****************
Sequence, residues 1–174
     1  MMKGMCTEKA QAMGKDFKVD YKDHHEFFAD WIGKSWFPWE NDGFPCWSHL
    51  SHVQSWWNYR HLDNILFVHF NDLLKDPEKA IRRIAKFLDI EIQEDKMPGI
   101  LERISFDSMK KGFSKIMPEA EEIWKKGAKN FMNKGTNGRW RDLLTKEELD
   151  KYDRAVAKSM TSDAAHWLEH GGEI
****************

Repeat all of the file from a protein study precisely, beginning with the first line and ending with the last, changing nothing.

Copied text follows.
Sequence, residues 1–174
     1  MMKGMCTEKA QAMGKDFKVD YKDHHEFFAD WIGKSWFPWE NDGFPCWSHL
    51  SHVQSWWNYR HLDNILFVHF NDLLKDPEKA IRRIAKFLDI EIQEDKMPGI
   101  LERISFDSMK KGFSKIMPEA EEIWKKGAKN FMNKGTNGRW RDLLTKEELD
   151  KYDRAVAKSM TSDAAHWLEH GGEI